Friday, June 19, 2009

Cloud Computing - all that's old is new again

Cloud computing is the buzzword du jour. What amazes me most is how little people realize that it's nothing new.

From about 1978 until ultimate cancellation in 1986, AT&T ran a project called "Net 1000" (codename: ACS or Advanced Computing System). This was the first product AT&T released as part of the deregulatory process.

Managing projects in telecommunication services by Mostafa Hashem Sherif describes Net 1000 as follows: "The service consisted in providing customers with the capacity to develop, install, and manage applications software to run on AT&T's owned processors. The architecture was based on having a large number (100-200) of dispersed data centers (caled "service points"). These were interconnected using an X.25 packet switched network from the regulated part of AT&T. Initially, data centers were built in New York, Chicago, Los Angeles, Greensboro, Salt Lake City, Camden, Kansas City, and San Antonio [...] A Network Operations Center was constructed in Somerset, NJ. [...] The idea of Net 1000 was for users to pay for what they use. They wer charged for network terminations (ports), disk storage, transmission bandwidth, connection time, and communications process." (Page 79)

Sherif continues on page 81 that problems with the business included "the absence of application software and overlook[ing] the time needed to develop, test, and deploy software applications, particularly in a new operating environment."

Later on, AT&T changed the direction for Net 1000, and it ceased to be an application hosting infrastructure. But that's another story.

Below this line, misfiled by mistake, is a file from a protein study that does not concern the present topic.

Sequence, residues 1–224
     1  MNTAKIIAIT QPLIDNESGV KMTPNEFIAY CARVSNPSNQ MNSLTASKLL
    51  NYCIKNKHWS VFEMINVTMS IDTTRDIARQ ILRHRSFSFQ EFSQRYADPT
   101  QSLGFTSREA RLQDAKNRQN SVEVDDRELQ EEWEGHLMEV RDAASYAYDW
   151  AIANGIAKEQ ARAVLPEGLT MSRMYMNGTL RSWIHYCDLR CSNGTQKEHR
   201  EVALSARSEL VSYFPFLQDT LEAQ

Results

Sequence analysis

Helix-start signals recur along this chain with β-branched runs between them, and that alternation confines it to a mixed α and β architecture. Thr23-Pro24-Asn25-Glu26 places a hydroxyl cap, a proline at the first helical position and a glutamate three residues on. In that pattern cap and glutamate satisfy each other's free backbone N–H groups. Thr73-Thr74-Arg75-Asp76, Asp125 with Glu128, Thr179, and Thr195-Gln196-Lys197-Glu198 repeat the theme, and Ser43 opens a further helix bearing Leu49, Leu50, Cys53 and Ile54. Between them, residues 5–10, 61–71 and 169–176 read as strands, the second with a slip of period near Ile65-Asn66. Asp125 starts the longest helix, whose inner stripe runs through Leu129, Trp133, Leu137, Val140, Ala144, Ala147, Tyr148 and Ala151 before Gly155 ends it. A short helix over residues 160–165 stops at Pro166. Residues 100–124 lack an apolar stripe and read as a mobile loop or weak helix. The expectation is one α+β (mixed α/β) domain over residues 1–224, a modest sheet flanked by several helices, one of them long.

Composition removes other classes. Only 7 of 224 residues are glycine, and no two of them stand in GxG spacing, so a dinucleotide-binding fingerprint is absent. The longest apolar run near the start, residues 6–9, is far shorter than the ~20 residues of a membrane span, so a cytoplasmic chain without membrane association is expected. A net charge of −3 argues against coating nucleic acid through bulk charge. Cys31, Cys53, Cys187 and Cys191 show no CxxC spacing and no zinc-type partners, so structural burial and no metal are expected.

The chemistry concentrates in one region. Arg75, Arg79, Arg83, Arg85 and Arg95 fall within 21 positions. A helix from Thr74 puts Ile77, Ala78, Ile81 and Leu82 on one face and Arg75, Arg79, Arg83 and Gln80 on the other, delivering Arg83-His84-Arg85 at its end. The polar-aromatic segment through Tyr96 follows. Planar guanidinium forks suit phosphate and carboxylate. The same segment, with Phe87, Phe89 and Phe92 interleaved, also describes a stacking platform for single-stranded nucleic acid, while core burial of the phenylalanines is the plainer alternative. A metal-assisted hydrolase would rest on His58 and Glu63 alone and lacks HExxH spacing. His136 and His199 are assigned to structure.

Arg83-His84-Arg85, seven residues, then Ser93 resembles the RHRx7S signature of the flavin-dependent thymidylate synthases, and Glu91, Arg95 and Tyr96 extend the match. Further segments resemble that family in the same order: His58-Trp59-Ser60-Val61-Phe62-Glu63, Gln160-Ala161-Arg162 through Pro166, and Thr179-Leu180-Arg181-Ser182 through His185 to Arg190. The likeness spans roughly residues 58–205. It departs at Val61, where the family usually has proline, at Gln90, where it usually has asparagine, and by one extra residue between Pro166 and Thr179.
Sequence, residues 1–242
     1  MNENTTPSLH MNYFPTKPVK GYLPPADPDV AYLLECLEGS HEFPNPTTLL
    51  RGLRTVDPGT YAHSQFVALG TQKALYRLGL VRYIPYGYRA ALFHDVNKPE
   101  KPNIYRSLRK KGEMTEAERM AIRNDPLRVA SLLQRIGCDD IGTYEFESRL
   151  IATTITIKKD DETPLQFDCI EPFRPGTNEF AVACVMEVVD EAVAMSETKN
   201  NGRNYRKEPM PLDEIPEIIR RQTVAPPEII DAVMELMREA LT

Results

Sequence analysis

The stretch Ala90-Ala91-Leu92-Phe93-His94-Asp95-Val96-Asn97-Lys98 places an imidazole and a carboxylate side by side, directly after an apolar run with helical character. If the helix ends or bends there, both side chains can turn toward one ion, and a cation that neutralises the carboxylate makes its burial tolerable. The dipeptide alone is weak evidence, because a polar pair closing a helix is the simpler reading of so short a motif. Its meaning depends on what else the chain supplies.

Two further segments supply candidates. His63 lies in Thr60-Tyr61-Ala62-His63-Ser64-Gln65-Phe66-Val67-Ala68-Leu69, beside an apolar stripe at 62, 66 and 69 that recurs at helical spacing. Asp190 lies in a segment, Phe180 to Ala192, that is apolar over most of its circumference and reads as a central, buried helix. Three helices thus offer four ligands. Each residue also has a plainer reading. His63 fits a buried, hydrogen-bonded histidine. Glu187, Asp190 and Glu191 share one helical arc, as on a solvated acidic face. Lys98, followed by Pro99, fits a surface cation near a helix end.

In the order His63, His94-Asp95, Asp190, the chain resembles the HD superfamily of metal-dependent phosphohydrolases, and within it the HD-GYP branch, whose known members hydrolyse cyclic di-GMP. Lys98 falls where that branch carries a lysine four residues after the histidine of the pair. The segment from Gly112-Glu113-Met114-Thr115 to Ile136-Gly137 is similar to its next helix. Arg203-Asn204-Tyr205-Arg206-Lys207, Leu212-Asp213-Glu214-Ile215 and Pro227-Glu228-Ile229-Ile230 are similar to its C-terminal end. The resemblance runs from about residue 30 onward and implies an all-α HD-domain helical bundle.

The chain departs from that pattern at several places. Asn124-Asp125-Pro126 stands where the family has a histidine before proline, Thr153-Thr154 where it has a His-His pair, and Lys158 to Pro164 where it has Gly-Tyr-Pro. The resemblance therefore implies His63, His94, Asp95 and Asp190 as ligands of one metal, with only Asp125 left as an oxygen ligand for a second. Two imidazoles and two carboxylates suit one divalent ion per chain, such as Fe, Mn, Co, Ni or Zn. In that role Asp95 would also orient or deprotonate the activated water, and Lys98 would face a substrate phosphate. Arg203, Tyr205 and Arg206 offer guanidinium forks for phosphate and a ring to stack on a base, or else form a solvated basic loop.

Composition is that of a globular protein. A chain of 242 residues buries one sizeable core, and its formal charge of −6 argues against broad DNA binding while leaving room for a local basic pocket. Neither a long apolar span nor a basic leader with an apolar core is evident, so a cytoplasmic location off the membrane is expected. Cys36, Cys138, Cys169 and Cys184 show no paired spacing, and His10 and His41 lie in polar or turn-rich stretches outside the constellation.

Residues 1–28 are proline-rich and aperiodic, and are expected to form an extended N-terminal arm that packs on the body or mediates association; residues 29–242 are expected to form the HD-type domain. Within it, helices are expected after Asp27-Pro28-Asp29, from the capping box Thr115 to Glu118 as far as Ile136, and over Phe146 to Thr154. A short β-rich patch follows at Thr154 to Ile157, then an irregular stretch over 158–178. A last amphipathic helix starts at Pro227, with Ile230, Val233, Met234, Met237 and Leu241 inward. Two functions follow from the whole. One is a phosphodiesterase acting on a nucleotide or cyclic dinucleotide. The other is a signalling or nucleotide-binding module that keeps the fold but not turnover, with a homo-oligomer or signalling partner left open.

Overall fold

AT&T lost more than $1B on Net 1000. Yes, that's billion.

Certainly there are significant differences between cloud computing and Net 1000 - AT&T was trying to sell both the network communications and the applications platform, while cloud vendors are using the existing network infrastructure. And of course computer equipment is much cheaper - at the time I worked on Net 1000, the VAX 11/780 computers used as the application hosting platforms cost about $200,000 each, and operated at a speed comparable to about 1 MHz (vs. 2+GHz for a typical laptop today). Databases are a lot more mature too - the Net 1000 product was built on a DBMS called "Seed", which I think was written in FORTRAN, with a COBOL layer built on top of that. (We looked at a startup called Oracle but their products weren't mature enough to use for a nationwide offering!)

I'm not predicting that cloud computing will go the way of Net 1000. Just saying that all that's old is new again.


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